Politics - What's Going Down the Chute

Tuesday, June 25, 2013
So it has been considerably a while since the National Elections transpired and I reckon the timing's just right to verbalize my assessment out of it. Being a resident of the Philippines for over 24 years now, I am admitted to leaning on the passive side when Elections become at large. Passive in a sense that I might have been casting my votes for the previous elections but I couldn't have cared less each time. The 2013 elections on the 13th of May served as my first in-depth exposure to the aforementioned movement partly because it was called for by my profession as a member of the local media. As such, I had a considerably profound scope of the relevant incidences, at least, in my province (Negros Oriental).

Be cautioned, however, that this article may be geared toward a deleterious take on Philippine politics. Anyone with high hopes or regard for the Government may not give agreement on ideas yet to be presented. Nevertheless, I rely solely on the right to freedom of speech practiced in the country regardless of possible consequences or aftermath.

On PCOS and the Commission on Elections (COMELEC)
To me, and perhaps the majority, the decision to continue the patronage of Smartmatic's PCOS machines as means of polling was not the worst move for COMELEC albeit not the best at that. Given that the recent polling was not the first instance at which PCOS machines were utilized to tally votes casted, high hopes for a smooth, reliable and fast transmission of results was envisaged by the public. Taking into account the expenses allocated from storage of the machines, which by the way cost approximately P6.4 million per month, to about 1.8 billion Pesos initially billed to the agency by Smartmatic, it is about fair for people to expect a good upshot out of the money that could have made a huge difference in uplifting the quality of life for the marginalized populace.

The result was nothing short of disappointing not to mention the number of machines that were reported to have malfunctioned along with the sub-par transmission rate of results. Those were only a few in the list of the remarkably epic-fail polling moments. Other issues came in rather minor yet made it to the hall-of-fame such as missing voter names, discrepancies in listing and the like. So, is it really more fun in the Philippines during elections? You be the judge.

The Business Behind the "Business"
Regardless of region, ethnicity or language the issue of vote-buying will always surface despite heaps of effort exerted to suppress it. It seems to me that putting a president who stood up (and probably still is) strong against corruption with a promise of paving a path to the right direction is not an all-out solution to cure the advanced stage of sickness known to be rampant, but not exclusive, in politics called "corruption."

I live in a province that I used perceive as subtle in terms of politics. I affiliate "subtle" with the degree at which vote-buying is not "terminal" or to simply put, helpless. Talks about such subject matter is rather sensitive and difficult to support with facts which is why it may turn out unjustifiable at the end of the day. However, it does not directly imply invalidity as a significant number of people have turned wealthy for a moment on elections day. I'd have to admit that I was never an avid fan of politics in the Philippines, moreso in the local arena. I could even consider myself arguably guilty of turning a blind eye on how the "business" in politics went for the province over the past years but never had I foreseen that it was "business as usual" in this side of the country as well. For a moment, I had undergone denial but eventually had to reach the acceptance stage. Having said those, I find it disheartening to realize that, apparently, no one is an exception in the enterprise, if you know what I mean. At a certain degree, corruption happens to anyone in power given the jurisdiction to appoint, decide and what not. Moreover, for as long as the outcome of a decision becomes favorable to any party, personal or public (or both), corruption can be beautifully concealed in a very neat package. Note: Some level of expertise required.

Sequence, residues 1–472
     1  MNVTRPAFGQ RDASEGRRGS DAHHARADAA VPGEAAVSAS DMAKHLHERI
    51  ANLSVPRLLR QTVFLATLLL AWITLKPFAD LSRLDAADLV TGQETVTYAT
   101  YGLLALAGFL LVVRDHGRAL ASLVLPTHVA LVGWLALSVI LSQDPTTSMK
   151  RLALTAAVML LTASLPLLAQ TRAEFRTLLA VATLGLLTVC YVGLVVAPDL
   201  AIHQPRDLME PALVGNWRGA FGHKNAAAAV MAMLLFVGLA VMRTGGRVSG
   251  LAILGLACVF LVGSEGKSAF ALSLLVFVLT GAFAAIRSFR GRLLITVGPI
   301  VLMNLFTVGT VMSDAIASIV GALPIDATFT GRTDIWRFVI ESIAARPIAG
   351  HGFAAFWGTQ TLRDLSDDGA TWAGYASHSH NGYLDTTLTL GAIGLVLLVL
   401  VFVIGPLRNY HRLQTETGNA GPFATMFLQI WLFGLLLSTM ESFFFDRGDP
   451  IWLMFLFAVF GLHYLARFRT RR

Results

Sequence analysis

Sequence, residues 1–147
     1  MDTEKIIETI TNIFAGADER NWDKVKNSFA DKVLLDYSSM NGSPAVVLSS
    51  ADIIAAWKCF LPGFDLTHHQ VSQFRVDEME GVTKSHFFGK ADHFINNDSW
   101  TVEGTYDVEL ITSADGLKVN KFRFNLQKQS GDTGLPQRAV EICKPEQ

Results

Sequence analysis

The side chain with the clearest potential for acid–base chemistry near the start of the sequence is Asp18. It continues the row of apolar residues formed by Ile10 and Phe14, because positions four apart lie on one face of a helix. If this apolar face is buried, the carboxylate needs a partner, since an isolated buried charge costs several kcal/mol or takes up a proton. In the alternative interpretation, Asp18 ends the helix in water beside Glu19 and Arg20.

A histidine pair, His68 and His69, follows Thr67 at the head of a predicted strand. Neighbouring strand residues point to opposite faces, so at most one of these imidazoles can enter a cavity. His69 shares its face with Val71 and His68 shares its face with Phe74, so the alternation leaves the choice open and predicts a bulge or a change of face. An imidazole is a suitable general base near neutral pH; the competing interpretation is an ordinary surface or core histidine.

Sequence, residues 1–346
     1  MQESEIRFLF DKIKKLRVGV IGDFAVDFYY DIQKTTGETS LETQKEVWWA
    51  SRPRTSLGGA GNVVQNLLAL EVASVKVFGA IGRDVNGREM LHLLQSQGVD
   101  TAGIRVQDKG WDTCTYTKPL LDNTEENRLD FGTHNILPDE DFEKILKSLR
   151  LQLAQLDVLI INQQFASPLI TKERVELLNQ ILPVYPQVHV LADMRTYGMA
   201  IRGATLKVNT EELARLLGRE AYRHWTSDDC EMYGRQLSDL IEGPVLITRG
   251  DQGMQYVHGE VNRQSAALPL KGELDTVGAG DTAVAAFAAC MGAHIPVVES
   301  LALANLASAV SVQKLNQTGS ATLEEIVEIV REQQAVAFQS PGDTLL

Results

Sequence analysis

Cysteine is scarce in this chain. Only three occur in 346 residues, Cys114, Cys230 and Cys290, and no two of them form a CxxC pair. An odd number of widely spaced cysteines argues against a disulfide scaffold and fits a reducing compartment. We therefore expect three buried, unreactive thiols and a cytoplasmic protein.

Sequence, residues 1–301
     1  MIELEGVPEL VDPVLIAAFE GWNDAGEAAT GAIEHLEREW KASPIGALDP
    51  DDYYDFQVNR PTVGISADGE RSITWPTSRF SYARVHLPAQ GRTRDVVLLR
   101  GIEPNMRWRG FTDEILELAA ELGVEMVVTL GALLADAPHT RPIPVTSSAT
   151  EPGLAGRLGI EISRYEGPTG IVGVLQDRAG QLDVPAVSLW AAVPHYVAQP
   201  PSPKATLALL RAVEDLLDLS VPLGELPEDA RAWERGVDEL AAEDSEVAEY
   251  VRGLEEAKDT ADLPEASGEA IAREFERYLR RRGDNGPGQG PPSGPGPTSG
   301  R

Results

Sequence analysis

Frustratingly, these "leaders" are, in effect, leeching wealth effortlessly from the multitude, making a business out of politics and even handing it down to the people next in line - their offspring. That should be reason enough for the average citizens of the Philippines to stop hallucinating about the government getting serious with the Anti-Political Dynasty bill. The question now is, who would want to prohibit a "business" from flourishing?

The driving force behind this piece is the reality-slap that a part of the people's hard-earned cash also known as taxes go down the chute that easy. It pains to see how lavish these crocodiles can get as opposed to how hungry and hopeless the marginalized can be. The problem about politics was never really about the system, nor the budget and not even the ones in office but the people, themselves - they who put the officials in place. It is safe to say that the people define the kind of government they get but sadly, when all else fails, it is the government who gets all the pointing fingers at.

I give due credit to the real leaders who refuse to take the path others are. I admire those who dream of reforming the status quo without having to compromise integrity and credibility for personal gains. Though outnumbered, they are the few who stand out from the pack and are among the people, who, the late Steve Jobs referred to; the minority who are "crazy enough to think they can change the world..." because in reality, they "are the ones who do."